Honda makes key changes to its lone side-by-side
Honda’s new 2011 Big Red doesn’t appear to be changed until you take a closer look at the unit’s updated features. We were given this opportunity during the press introduction in Irvine Lake, Calif.
Cosmetically the first thing we noticed as we approached the new unit was the updated single bench seat rather than the former dual bucket seats. Despite the single seat the passenger capacity for the Big Red has not been changed despite commonly associating the wider seat with the ability to seat three people. This seat is made from durable black rubber and dense cushion foam and has an adjustable back rest for additional passenger comfort.
In order to accommodate the new seat Honda’s engineers had to move the location of the parking brake handle. It was formerly located between the two bucket seats and is now on the panel directly below the centre of the bench seat. This parking brake system has been designed to hold the unit in any off-road situation with or without a load on.
With a simulated track built for us we was able to test out this claim. With a full load in the rear dump bed of 1000 pounds (an increase of 500 pounds from the previous generation) we parked the unit on an uphill incline of 35 degrees followed by a decline of 35 degrees. In both situations the parking brake held the unit in place with no movement at all. You were more likely to have the Big Red slide down the hill than having it roll.
Getting into that new seat is now easier thanks to the new roll-up nets on either side of the cab. Quick release clips allow you to roll the nets up and out of the way. Doing this while standing outside the vehicle is uncomplicated and, with the new quick-release clips on the nets, this task from a sitting position is simple as well. This design is an improvement over the last generation where the nets couldn’t be entirely removed without tools and a bit of a hassle. I was also a hassle to have to get in and out the old Big Red with the nets in the way.
Aside from the major cosmetic differences there have been some mechanical changes as well. One thing that remained unchanged was the engine. The 675cc liquid-cooled single cylinder Honda powerplant puts out plenty of power for working or trail-riding.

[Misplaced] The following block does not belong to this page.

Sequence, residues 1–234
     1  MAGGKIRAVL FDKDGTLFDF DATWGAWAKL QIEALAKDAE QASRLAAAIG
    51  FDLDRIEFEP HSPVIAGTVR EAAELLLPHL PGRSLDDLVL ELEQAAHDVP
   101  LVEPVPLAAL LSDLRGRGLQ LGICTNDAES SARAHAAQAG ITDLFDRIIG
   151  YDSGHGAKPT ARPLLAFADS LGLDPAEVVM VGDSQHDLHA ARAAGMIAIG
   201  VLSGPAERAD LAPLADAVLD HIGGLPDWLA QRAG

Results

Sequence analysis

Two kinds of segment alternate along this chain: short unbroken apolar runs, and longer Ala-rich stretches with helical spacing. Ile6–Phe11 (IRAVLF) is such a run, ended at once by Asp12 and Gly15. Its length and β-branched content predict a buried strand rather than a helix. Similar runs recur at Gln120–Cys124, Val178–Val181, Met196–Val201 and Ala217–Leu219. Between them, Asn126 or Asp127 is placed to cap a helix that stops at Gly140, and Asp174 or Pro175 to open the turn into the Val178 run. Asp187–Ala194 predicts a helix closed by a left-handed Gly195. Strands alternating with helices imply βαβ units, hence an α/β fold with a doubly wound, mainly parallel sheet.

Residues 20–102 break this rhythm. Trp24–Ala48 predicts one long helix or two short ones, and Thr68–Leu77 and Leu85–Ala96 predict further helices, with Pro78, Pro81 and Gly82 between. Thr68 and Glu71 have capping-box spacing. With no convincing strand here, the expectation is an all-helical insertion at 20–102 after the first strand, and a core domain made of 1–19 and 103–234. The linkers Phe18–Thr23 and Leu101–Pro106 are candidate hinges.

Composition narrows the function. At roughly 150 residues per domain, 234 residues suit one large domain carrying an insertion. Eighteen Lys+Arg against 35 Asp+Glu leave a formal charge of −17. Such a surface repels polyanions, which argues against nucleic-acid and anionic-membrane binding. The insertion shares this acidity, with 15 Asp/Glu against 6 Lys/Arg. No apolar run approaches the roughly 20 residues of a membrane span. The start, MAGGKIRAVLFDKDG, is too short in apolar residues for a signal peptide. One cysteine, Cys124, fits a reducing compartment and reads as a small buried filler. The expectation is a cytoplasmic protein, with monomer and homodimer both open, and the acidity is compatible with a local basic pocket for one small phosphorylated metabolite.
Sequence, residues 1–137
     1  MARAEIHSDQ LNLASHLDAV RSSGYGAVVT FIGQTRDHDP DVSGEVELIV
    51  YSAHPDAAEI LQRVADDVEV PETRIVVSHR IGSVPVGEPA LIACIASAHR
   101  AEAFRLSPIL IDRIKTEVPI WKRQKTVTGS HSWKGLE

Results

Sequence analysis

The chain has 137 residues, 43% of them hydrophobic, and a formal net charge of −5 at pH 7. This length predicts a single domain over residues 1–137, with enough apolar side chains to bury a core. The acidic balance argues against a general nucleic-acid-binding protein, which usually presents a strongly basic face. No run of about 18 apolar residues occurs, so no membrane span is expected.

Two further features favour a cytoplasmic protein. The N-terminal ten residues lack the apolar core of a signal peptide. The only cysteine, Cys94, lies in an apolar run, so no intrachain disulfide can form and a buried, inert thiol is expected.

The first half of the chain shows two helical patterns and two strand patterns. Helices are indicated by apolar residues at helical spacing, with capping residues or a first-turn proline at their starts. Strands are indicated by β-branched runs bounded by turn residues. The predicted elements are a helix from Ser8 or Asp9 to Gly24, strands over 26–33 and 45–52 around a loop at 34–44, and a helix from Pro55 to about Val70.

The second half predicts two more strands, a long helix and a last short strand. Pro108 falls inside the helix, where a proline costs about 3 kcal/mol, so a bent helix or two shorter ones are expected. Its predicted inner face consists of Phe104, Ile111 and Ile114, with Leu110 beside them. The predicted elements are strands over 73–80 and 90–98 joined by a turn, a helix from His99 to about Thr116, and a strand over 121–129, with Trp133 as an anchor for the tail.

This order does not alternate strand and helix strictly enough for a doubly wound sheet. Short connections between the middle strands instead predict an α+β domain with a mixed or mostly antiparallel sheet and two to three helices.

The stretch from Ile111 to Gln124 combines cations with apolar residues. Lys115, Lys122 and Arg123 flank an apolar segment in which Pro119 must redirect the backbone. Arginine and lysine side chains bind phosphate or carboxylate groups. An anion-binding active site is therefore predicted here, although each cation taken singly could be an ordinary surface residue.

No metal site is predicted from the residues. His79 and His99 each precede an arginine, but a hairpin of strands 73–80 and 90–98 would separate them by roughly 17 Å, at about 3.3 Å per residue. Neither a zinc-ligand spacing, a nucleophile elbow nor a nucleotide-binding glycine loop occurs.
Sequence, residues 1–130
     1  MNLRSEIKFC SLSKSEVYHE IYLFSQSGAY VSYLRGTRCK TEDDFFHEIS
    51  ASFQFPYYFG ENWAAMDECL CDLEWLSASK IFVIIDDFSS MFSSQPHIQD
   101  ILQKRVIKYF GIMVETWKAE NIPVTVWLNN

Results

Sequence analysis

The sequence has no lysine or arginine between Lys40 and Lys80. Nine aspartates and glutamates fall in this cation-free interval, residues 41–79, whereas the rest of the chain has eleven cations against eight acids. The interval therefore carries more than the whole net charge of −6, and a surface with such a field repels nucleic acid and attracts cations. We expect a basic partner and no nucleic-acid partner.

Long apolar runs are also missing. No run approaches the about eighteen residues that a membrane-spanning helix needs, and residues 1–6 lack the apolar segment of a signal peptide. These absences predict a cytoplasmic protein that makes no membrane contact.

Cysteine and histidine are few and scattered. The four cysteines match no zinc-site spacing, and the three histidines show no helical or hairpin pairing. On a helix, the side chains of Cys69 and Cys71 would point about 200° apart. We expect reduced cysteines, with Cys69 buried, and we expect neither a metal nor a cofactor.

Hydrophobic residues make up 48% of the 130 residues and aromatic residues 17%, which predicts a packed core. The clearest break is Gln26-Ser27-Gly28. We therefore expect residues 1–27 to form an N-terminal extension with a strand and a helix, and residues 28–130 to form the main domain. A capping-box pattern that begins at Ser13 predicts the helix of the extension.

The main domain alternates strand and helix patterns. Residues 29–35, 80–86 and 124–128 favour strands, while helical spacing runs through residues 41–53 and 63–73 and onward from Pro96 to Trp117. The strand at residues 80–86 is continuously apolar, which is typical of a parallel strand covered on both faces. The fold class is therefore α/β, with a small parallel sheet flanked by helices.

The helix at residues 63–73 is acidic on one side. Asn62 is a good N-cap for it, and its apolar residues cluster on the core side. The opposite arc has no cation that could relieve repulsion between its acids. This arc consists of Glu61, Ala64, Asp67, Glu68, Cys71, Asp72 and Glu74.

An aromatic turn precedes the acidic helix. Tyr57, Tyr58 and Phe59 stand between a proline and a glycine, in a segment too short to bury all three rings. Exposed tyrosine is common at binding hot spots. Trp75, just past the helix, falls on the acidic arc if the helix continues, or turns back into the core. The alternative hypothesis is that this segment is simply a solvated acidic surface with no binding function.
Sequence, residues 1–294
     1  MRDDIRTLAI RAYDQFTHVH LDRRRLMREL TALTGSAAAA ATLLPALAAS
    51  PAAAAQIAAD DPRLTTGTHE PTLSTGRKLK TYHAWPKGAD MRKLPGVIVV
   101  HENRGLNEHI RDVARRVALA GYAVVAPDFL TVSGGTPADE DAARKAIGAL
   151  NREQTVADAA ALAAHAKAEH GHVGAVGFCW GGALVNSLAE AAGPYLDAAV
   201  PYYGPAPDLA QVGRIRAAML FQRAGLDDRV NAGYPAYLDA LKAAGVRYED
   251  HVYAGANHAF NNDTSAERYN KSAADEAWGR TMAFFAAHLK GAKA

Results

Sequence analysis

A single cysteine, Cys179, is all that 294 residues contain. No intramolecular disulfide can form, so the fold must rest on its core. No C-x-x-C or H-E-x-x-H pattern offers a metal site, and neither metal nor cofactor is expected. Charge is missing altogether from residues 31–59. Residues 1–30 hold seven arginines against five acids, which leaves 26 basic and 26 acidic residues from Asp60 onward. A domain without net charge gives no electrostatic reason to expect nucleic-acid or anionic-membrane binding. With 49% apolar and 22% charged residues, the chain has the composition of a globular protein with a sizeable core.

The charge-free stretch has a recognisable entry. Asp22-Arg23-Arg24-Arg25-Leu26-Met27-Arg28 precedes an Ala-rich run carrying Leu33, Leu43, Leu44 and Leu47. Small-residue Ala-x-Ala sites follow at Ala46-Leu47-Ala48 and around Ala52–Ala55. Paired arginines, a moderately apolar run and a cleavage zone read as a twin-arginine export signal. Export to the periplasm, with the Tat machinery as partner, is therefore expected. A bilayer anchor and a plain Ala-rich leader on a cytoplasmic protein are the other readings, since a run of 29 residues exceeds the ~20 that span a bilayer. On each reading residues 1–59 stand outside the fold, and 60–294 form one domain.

Attached to this engine is Honda’s automotive-style automatic transmission which offers three forward gears and a single reverse gear. This set-up uses a hydraulic torque converter and an ECM (electronic control module) to monitor engine performance and choose optimum gear position.
The gears felt “long” when we were driving the Big Red around the mountains in southern California. They seemed to shift a lot later than we anticipated them too but an engineer reminded us that with the three gears this is to be expected. However, low-end torque was still plentiful and the motor would downshift when you stepped on the throttle to make up for the wider powerband.
The 2011 Big Red has increased it’s towing capacity to 1,500 pounds Honda had a 1,300-pound trailer on hand to let us feels this power. With the trailer behind me the unit didn’t seem to even struggle when accelerating or manoeuvring around the trails.
With the load in the trailer nearing the 1,433-pound curb weight of the machine we were a little worried about the braking capabilities while traveling at speed. The 200mm hydraulic discs front and rear combined with the tread pattern on the Maxxis Big Horn tires brought the unit to a safe stop with little or no sliding.
The engineers had one Big Red loaded up with the new 2011 capacity of 1,000 pounds and after our test drive with the trailer we had an interesting idea. Approaching the engineers we sheepishly and half jokingly asked if we could hitch the trailer up to the unit with the fully loaded bed and take it out for a drive. After sharing some initial concerned glances amongst each other they told us to “go for it.”
We shifted the unit into drive with more than a few curious eyes on us and rolled down the trail. From the standpoint of power we found that the unit accelerated and pulled the load almost unnoticed aside from hearing the engine working harder and the transmission shifting longer (both of which were expected). One surprise was that the steering wasn’t affected the way we had anticipated. We felt confident enough to get the machine up to a respectable 20 mph on the road/trail portion of the test facility.